What Is and What Should Never Be
Sunday at 9:54 pm
Here we go again, running on the treadmill of uncertainty, hoping there is reward for our persistence at the end. I don’t know about you, but all I’m feeling is tired. I love the history and the nostalgia. I enjoy reliving the Kirk Gibson hobbled home run and Kerry Wood tossing the most dominant game in baseball history. I’ve played along with the “random Cubs facts” and “make your all-time team” gimmicks that have begged for clicks over the interwebs the last couple months. It’s been entertaining, but is getting about as stale as the 17 cases of beer I stocked up on 3 months ago.
We need something fresh and clean. A Schwarbomb from Kyle, an Eephus pitch from Yu, or a patented back-pick from Willson. I think a live Javy-tag would make me faint, and I’d enjoy the pain that would surely follow. We need live baseball.
I gave up trying to write timely articles on the current situation long ago. By the time anyone could compile enough relevant information to produce something meaningful, the goalposts moved. Many other sites continue to do so, and it occupies our time and hunger for the game we love. We’ve urged our readers to support these sites, because it is their livelihood. Please continue to do so.
While no one can say with certainty what the opening of the official 2020 season will look like, the general consensus is there will be some form of baseball this season. What that will be is anyone’s guess. Numerous theories abound, and we have discussed many of the possibilities here in our limited posts. My personal belief is we will see an experimental game, using this uncertainty to work out bugs in changes the game wants to implement anyway. I won’t like it, but I understand it.
This season will be a wild-west shootout, and the eventual “Champion” won’t hold much more swag than the participation trophies that will be awarded to half the other teams. Jon Lester was asked about this scenario, and his response perfectly mirrored my own thoughts: these are unprecedented times, and we may as well do what we have to do. But, and a huge *BUT*, things go back to normal next season. There is the worry that there will be a movement to artificially inject permanent change. That can’t happen.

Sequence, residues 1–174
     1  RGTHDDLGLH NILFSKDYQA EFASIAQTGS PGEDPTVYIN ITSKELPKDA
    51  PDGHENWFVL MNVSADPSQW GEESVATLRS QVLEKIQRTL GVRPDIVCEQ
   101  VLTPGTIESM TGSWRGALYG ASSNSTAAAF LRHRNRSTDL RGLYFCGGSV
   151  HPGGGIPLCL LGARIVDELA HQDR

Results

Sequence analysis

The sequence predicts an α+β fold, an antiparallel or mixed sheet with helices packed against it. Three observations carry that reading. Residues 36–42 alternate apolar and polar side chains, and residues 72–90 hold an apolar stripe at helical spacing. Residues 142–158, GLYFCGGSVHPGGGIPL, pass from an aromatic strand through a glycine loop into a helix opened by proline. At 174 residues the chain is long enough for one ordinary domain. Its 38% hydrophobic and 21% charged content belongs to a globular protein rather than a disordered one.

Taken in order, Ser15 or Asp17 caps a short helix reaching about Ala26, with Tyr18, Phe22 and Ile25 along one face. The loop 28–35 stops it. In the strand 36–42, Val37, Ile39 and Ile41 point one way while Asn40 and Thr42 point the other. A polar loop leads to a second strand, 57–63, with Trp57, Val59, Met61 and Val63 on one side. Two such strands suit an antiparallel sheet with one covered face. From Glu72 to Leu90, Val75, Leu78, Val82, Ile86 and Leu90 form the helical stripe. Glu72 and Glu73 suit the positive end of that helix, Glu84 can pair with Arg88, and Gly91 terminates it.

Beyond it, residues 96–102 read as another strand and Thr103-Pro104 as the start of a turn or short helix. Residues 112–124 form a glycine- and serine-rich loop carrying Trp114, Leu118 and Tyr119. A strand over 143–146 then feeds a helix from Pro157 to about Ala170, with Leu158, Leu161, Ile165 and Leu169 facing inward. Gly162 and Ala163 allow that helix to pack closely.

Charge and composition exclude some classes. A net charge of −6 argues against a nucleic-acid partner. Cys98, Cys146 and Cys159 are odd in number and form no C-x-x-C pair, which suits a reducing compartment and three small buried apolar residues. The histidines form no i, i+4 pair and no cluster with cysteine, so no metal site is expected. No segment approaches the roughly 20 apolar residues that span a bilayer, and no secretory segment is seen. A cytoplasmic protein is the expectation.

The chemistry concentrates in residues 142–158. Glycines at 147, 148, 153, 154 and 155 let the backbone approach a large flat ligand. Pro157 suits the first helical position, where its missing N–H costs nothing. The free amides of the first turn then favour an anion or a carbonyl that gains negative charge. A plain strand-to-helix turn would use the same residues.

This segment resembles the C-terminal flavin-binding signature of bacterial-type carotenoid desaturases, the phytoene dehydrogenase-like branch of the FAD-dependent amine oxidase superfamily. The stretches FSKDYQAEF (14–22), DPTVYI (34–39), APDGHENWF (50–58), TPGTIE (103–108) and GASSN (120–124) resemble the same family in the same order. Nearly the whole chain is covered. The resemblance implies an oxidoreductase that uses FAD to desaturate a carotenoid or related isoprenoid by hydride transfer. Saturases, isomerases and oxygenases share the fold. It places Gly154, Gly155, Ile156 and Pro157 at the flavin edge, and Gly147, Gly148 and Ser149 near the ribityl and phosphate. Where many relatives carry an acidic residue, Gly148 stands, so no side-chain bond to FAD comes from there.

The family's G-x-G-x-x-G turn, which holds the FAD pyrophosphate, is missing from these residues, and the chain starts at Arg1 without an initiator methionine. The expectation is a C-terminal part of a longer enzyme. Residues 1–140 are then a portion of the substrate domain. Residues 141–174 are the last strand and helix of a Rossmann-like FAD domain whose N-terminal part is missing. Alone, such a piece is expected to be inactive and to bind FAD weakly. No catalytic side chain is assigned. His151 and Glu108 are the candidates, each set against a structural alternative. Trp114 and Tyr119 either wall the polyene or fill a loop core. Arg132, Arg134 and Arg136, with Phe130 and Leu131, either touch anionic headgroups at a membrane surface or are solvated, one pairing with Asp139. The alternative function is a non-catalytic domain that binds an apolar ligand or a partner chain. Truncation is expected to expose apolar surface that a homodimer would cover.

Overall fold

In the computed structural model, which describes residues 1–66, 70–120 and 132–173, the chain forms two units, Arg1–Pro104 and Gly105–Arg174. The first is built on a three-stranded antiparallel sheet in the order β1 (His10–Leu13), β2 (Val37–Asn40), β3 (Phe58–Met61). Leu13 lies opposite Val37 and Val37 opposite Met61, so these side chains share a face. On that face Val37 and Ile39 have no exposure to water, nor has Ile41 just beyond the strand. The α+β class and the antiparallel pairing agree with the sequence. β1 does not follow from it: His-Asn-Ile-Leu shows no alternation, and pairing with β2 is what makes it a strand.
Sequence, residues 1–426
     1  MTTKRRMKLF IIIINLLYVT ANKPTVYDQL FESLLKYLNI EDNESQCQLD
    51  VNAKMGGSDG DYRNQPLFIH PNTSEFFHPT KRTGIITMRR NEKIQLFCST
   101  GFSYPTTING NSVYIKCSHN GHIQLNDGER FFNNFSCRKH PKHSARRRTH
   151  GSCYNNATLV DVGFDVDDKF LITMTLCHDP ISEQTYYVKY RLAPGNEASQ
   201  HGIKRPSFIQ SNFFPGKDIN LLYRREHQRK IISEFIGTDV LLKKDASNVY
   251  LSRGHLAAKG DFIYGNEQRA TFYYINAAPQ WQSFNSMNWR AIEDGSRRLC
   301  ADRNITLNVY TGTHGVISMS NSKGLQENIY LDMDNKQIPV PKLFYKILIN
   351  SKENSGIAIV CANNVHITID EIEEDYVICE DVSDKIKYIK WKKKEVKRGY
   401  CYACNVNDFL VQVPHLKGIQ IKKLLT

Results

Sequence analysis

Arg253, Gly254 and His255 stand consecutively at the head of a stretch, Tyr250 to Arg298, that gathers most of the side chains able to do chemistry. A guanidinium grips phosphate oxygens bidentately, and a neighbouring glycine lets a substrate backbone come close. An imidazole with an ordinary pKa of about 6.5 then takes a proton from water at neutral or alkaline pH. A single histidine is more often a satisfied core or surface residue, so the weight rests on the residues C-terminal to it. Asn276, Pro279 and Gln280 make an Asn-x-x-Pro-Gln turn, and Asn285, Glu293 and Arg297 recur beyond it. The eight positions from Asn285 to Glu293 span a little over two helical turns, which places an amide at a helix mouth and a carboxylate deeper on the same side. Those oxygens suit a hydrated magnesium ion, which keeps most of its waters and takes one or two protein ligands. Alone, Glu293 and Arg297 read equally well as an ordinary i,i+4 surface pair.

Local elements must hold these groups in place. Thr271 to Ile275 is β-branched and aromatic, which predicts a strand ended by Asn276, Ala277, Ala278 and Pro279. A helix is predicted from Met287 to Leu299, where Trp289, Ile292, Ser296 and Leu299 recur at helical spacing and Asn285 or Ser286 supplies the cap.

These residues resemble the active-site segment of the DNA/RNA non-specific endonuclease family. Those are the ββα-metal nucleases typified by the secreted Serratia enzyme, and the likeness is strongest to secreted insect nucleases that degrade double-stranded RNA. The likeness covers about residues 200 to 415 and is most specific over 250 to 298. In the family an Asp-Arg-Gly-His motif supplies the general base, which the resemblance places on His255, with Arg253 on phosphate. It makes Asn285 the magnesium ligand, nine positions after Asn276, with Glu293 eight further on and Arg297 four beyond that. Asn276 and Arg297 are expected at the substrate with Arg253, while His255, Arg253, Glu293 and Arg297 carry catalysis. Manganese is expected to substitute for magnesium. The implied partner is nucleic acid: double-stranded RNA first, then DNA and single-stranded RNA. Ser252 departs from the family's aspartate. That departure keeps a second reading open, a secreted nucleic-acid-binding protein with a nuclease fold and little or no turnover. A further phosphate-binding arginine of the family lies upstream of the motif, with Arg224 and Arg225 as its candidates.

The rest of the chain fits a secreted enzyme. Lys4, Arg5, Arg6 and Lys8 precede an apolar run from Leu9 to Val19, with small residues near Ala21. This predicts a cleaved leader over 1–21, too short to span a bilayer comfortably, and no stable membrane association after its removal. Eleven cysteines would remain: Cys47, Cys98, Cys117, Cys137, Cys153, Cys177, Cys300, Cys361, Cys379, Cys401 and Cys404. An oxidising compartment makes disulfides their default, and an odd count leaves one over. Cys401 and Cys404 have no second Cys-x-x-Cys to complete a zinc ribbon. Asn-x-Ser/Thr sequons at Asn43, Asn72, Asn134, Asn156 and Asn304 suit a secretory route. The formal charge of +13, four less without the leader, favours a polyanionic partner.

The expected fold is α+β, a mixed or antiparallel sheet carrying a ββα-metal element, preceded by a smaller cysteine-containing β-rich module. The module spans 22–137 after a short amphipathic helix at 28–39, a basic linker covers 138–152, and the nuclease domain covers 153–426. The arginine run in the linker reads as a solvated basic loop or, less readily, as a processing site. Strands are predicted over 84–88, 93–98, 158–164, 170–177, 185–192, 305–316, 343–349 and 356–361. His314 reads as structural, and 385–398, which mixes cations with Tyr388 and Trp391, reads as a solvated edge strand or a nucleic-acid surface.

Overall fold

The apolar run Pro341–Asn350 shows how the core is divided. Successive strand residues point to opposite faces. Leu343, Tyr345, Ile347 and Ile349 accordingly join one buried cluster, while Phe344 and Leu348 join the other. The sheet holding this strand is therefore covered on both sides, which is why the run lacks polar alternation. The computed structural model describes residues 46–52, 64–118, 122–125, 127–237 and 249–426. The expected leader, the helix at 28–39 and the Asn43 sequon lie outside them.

THIS IS THE END, BEAUTIFUL FRIEND
As we’ve seen, there is much uncertainty surrounding the immediate future of baseball. We don’t know how many players will be on a roster, what rules will be enforced, or which teams would be competing in a hypothetical postseason for glory that will certainly be historically marred with a bigger asterisk than the needles in Barry Bonds’ buttocks. Do we even know what players will play? There is something I know for sure, and it saddens me more than knowing Hammerin’ Hank will be seen by future generations as less of a slugger than Balco Barry:
The Cubs current competitive window, as Mr. John Arguello so brilliantly mapped out and led us through, is over. Done. It had been slowly creeping down, excruciatingly so for those those of us who saw the incompetence and hubris of management whose hand was lowering the sash, but Covid-19 slammed it shut.
Like many of you, my routine has been upended. Nights have become days, my decontamination protocol is longer than my grocery shopping list, and I don’t know the difference between Munday and Tuersday. I think I read this in a local obituary section, or I may have been dreaming:
The Theo Epstein competitive window, aka “The Window”, has passed away. It was five years old.
Though initially hatched in 2011, The Window wasn’t officially born until an improbable run in 2015. Against all odds, this underdog toddler exceeded expectations as it laid waste to established adults, culminating in a victory over it’s arch-enemy DirtyBirds that nearly caused the collapse of its home den.
Learning from the wounds of its initial failure, The Window matured rapidly. The young being dominated all competition in 2016, embarrassing everyone who dared challenge them, until finally meeting a worthy foe in Cleveland. Despite a decimated roster, the Indians showed strong, taking this dominant force into the last innings of a decisive Game 7, when a fluke HR by a guy who never, ever hits them proved too much for even Mother Nature. She had seen enough suffering of the hapless Chicago fanbase and intervened to award the spoils to the rightful victor.
Unfortunately, The Window didn’t age well. Despite all the promise in the world, an adolescent hangover was allowed to fester by a tolerant parent. The newly crowned “Big Men On Campus” were given the reigns to run their own wagon, and everyone enjoyed the ride.